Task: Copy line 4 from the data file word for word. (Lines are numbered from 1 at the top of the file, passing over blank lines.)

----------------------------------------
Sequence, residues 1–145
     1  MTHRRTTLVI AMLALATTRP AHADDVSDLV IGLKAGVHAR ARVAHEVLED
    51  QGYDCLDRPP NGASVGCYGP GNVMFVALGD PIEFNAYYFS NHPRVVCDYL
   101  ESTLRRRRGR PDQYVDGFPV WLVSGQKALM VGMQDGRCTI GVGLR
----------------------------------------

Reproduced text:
   101  ESTLRRRRGR PDQYVDGFPV WLVSGQKALM VGMQDGRCTI GVGLR